Jul 05, 2020
Mississippi Boy Scouts Find Wildlife, Fun on River in Ozarks
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By ELISE PARKER, Enterprise-Journal
MCCOMB, Miss. (AP) — Before Tropical Storm Cristobal rolled through, seven Boy Scouts from Troops 124 and 124-G headed north on I-55 toward Missouri’s Current River in the Ozarks. Their mission: travel approximately 53 miles via canoe over the course of about five days, camping at night along the river.
They packed for primitive conditions, most gear neatly rolled into dry bags. All of them were looking forward to the clean, mountain air and having fun with friends on the Class I, crystal clear river.
Perhaps they would see local wildlife like wild horses, bears, deer, ducks, endangered cave critters and turtles. It was exciting to anticipate viewing the hardwood trees, rock ledges, caves, springs, gravel bars, as well as the towering dolomite bluffs which line the banks of the river. The Ozarks offer very different scenery from flat, southwest Mississippi! It was going to be an adventure.
An adventure it surely was! The mountain air was sweet-smelling and not as humid as southern Mississippi air, and the Ozarks of Missouri definitely delivered on wildlife and wildflowers.
The Current River flows southeasterly out of the Ozarks into Arkansas. Eventually, it becomes a tributary to the Black River, the White River and the mighty Mississippi.
Current River is approximately 184 miles long, starts out at about 900 feet above sea level, and at the mouth it lies around 280 feet above sea level. The upper part of the river and its tributaries have been federally protected since 1964 as the Ozark National Scenic Riverways, the first national park in America to protect a river system.
The Scouts and trained adult leaders were ready for their trek into the wilderness. The Current River has ideal conditions for trout fishing, so many of the Scouts packed fishing tackle.
Tropical Storm Cristobal had a different idea. Though Scouters only experienced a light rain while camping Monday night and Tuesday morning, the watershed of the area gained enough water to raise the river more than six feet.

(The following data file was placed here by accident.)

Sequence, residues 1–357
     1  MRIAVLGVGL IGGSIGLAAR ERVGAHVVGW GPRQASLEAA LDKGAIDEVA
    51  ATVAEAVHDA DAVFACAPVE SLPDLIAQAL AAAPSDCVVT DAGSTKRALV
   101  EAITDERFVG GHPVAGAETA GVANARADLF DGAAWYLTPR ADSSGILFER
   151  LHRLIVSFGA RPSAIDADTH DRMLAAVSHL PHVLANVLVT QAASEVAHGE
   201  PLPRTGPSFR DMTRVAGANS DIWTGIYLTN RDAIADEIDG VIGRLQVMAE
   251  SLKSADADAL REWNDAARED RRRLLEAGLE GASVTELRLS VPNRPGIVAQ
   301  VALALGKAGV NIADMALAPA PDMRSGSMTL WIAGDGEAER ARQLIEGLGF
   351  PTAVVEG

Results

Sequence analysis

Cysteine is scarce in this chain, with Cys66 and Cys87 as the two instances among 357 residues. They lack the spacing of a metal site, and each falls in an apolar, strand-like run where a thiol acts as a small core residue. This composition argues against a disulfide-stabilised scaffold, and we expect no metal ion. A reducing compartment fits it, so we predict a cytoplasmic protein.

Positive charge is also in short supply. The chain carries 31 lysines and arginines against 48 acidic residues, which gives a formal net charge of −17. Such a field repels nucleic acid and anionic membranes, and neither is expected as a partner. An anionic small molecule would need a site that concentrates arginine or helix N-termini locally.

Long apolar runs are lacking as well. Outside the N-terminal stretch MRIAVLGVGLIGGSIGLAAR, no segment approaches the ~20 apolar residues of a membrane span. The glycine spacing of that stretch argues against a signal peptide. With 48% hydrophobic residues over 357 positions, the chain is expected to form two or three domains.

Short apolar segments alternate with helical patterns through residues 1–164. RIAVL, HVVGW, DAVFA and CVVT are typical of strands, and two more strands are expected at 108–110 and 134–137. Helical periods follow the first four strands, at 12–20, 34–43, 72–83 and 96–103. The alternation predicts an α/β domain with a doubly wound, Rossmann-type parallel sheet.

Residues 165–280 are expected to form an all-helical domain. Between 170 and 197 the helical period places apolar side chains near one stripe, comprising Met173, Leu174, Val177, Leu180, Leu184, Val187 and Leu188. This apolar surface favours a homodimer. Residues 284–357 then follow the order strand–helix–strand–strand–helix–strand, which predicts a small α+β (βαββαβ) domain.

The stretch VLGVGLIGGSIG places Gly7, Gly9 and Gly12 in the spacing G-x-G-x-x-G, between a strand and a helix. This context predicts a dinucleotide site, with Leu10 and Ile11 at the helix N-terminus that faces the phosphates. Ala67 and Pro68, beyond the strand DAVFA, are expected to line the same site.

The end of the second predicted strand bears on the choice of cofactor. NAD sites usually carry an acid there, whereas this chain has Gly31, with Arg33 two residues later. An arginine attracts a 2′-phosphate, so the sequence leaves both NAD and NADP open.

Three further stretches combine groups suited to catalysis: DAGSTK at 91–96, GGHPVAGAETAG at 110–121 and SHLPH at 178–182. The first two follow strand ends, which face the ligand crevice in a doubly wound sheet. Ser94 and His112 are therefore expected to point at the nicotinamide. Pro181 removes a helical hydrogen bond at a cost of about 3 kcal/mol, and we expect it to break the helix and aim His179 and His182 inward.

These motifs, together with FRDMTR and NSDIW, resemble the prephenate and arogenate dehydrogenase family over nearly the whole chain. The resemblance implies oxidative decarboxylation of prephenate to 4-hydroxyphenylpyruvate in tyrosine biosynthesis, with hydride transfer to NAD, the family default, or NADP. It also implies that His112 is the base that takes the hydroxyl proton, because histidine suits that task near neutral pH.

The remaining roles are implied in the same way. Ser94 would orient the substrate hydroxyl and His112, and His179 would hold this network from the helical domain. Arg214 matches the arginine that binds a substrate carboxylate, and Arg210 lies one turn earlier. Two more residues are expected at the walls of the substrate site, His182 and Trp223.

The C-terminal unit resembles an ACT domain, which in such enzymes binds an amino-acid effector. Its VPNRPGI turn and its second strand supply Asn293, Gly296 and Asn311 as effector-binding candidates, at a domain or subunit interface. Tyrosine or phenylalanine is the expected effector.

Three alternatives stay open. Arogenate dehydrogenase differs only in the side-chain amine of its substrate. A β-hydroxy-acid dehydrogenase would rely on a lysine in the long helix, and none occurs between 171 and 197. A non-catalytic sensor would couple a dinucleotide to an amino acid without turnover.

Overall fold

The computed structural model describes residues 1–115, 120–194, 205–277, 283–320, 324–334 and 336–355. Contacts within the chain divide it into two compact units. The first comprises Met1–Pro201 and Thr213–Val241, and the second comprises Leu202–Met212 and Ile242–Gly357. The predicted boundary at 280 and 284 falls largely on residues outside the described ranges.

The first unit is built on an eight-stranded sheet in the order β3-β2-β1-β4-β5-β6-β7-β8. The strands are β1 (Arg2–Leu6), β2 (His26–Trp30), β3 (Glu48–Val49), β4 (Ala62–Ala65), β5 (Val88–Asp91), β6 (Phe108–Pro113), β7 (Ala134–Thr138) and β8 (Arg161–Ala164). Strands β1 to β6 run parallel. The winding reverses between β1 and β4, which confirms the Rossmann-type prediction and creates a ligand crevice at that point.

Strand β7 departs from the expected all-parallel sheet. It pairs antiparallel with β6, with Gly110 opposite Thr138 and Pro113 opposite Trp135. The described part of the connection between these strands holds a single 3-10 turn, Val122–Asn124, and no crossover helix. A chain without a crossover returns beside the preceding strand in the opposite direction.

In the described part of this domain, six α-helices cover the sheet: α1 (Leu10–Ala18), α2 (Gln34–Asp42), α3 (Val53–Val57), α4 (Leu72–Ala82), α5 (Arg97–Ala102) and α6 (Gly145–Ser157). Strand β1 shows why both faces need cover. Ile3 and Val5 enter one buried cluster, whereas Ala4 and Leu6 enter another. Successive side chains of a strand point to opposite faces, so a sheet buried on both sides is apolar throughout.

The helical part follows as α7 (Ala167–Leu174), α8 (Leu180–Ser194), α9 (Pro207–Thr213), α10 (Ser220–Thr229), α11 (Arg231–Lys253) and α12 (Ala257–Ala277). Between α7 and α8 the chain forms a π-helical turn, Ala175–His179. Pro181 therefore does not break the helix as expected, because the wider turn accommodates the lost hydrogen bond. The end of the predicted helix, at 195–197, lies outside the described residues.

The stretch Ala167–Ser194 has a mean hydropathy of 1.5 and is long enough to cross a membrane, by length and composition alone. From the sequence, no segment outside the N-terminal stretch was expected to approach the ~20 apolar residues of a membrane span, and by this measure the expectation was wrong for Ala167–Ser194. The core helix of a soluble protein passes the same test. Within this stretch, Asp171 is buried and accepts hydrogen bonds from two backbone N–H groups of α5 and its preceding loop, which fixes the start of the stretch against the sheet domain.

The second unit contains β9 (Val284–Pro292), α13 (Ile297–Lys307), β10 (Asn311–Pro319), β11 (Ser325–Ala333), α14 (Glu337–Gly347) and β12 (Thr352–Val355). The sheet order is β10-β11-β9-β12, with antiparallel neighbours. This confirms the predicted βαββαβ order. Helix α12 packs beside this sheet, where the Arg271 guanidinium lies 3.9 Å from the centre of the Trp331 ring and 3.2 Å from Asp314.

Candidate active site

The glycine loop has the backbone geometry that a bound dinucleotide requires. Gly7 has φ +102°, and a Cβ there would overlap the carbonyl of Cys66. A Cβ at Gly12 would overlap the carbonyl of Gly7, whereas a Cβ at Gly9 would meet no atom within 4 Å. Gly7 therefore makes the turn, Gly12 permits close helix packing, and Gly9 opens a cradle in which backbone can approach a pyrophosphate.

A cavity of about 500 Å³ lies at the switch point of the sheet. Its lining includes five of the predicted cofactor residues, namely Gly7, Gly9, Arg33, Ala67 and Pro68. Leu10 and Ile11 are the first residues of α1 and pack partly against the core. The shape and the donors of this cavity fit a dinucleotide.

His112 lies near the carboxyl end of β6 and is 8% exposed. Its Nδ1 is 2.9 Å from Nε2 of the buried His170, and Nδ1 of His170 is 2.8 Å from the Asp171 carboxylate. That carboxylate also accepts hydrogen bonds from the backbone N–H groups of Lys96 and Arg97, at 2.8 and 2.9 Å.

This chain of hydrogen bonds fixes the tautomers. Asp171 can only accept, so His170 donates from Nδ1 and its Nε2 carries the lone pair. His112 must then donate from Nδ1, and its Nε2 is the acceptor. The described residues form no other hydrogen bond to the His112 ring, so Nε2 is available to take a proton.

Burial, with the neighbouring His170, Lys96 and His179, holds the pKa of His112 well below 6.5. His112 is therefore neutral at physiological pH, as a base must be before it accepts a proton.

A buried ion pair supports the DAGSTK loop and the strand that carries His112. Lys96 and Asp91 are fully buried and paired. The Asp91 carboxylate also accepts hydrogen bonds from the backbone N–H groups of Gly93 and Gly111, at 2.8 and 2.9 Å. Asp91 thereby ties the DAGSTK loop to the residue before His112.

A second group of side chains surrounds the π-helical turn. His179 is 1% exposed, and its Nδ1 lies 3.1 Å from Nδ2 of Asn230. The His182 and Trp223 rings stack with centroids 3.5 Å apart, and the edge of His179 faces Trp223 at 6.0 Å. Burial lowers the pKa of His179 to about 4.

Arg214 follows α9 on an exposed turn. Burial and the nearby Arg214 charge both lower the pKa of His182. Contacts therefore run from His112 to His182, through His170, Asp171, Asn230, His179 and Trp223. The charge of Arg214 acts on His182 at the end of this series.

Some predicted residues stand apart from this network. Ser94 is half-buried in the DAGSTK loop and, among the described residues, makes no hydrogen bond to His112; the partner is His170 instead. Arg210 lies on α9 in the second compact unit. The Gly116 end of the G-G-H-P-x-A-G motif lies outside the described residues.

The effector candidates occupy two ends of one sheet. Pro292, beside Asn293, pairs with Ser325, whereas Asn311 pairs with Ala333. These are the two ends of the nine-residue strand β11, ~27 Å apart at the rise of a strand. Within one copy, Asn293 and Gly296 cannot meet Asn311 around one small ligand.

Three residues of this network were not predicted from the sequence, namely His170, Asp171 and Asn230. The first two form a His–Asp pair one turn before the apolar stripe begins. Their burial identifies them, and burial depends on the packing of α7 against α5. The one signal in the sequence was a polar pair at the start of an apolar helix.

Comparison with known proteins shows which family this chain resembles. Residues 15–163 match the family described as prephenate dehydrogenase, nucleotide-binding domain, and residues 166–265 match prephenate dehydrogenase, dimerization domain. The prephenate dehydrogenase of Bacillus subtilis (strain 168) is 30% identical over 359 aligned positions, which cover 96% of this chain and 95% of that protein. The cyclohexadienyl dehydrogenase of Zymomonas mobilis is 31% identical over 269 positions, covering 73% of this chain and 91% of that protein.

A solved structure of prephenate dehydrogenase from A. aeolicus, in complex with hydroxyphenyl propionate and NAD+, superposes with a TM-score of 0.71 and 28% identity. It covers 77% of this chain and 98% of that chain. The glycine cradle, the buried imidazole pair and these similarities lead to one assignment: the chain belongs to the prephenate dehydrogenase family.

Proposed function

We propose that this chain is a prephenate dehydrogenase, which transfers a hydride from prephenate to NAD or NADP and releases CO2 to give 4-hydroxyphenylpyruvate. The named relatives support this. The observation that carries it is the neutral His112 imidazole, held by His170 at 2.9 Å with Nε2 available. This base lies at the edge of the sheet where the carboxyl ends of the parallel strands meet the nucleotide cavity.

The Current River is spring-fed and Welch Spring, where the group began, enters the river early and nearly doubles the flow of the river. Other notable springs that add to the river include Cave Spring, Pulltite Spring and Round Spring.
The extra rain caused treacherous conditions that closed the river for two days. By Thursday the weather and water were back to perfect, and what was planned for Monday and Tuesday was covered all in one float.
Though it was an abbreviated trip, the Scouts explored a waterfall, caves and an abandoned hospital built as a retreat for people with asthma. They saw four different kinds of turtles — the three-toed box turtle, red eared sliders, eastern spiny softshell and a common snapping turtle.
A few canoers pointed out snakes in the water or on the banks but got only quick glimpses to determine they were nonpoisonous. A colorful wood duck with a female was spotted, and later another female with two small ducklings swam below the shady dolomite overhangs.
Several deer were seen along the banks, and every night the campers were plagued with raccoons. Wild horses grazed along the roadside near the Round Spring campground where the Scouts made base camp.